Poetry. A meditation on the death of a mother, MERIDIAN measures the hours and reflects on how experience collapses and elongates time, creating a lens through which we can look at how we're connected and separated. And the poet asks: Is music our best refusal to accede to the irrationality of death?
"I have long considered Kathleen Jesme a truly remarkable poet. In MERIDIAN, however, she outdoes herself. Jesme fills this lyric chronicle of the death of her mother with precise observations, strange silences, and breathtaking moments of beauty and music. Whether she dwells on the relentless snow whispering around the house or slips into crystalline recollection of her mother's slow failure, I sense in these poems a subtle mind at work on an unsolvable problem. For Jesme knows we can find neither clarity nor conclusion in the emptiness death leaves behind, but must always circle around it, reaching for meaning in the images and memories that surround us as we prepare to grieve, and then grieve. 'I am swimming toward you,' she writes late in the poem, 'through / the past / which clings to me / and holds me / back / and up.' MERIDIAN is not merely a beautifully written, ambitious poem-it is also the most moving I have read in a long time."—Kevin Prufer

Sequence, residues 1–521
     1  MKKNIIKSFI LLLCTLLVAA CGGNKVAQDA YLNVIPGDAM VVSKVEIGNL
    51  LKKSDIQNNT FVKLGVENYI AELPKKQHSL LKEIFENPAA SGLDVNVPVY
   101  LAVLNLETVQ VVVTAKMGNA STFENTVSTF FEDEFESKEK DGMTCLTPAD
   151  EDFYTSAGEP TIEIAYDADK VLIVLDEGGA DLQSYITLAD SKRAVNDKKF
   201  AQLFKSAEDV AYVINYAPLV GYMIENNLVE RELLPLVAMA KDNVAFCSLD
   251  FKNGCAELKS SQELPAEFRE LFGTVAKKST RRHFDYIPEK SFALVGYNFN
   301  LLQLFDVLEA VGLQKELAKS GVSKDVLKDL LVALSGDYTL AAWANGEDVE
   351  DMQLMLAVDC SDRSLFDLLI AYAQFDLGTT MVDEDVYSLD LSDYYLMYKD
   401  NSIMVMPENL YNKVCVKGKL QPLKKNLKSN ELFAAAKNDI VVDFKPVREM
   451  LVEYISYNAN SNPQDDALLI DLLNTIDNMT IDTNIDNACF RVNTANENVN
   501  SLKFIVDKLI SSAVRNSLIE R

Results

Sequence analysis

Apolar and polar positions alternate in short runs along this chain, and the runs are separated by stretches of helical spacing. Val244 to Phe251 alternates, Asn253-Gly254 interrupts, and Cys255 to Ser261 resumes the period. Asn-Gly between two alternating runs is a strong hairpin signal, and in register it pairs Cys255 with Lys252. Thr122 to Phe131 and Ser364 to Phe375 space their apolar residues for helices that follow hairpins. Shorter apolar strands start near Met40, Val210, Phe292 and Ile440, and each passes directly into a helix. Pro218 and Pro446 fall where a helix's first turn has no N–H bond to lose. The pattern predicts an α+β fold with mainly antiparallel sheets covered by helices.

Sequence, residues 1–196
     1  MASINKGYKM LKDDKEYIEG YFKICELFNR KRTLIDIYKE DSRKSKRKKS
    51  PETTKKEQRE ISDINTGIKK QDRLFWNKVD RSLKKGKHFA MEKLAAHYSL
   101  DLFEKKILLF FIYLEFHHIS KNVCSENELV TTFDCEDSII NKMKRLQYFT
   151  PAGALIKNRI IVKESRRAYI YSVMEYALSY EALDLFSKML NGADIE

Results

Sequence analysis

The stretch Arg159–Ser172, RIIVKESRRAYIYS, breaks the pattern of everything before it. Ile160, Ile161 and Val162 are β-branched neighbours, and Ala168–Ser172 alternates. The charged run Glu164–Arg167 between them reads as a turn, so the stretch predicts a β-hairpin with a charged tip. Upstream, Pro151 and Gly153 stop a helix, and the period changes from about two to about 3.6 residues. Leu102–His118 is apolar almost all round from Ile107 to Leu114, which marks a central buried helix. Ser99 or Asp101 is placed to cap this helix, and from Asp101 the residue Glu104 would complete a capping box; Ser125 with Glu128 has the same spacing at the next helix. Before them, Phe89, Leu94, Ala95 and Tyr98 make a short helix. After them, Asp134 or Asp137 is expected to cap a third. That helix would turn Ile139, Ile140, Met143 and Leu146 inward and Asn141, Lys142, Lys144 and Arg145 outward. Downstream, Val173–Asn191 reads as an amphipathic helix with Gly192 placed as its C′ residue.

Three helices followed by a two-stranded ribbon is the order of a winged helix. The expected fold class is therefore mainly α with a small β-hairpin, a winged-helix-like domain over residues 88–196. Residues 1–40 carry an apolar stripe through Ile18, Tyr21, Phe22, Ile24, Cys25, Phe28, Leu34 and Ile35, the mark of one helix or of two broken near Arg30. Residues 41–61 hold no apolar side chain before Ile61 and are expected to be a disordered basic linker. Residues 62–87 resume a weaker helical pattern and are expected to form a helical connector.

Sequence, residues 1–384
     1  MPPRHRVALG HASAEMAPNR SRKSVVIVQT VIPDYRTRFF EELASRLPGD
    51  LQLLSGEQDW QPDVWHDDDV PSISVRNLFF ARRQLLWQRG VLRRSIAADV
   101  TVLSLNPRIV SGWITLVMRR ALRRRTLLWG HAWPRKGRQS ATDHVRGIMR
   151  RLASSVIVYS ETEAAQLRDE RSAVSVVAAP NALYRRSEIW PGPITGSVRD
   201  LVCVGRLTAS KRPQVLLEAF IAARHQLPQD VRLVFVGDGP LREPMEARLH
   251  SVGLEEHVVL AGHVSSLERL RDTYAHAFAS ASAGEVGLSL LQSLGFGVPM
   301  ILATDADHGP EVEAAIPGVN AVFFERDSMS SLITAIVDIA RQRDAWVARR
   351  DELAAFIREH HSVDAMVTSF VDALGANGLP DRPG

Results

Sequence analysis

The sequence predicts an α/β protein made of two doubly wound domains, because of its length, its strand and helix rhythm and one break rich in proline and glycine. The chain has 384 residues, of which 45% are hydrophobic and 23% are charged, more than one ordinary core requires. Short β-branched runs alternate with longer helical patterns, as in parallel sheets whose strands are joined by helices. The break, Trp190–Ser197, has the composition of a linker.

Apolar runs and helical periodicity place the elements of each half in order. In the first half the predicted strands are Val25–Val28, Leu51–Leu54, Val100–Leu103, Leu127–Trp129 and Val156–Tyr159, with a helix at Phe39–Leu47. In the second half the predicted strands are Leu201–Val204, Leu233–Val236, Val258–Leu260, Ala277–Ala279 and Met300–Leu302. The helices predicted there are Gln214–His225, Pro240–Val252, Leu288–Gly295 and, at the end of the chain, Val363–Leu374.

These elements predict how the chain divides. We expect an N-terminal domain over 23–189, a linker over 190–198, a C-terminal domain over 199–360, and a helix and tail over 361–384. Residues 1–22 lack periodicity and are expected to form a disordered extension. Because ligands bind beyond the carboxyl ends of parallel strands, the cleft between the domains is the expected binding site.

Kathleen Jesme is the author of five collections of poetry: ALBEDO (Ahsahta Press, 2014), MERIDIAN (Tupelo Press, 2012), winner of the Snowbound Chapbook Prize; THE PLUM-STONE GAME (Ahsahta Press, 2009); Motherhouse, winner of the Lena-Miles Wever Todd Poetry Prize (Pleiades Press, 2005); and Fire Eater (University of Tampa Press, 2003). Jesme holds an MFA in creative writing from Warren Wilson College and a BA in English from the University of Minnesota. She lives in Minnesota.
Author City: Inver Grove Heights, MN USA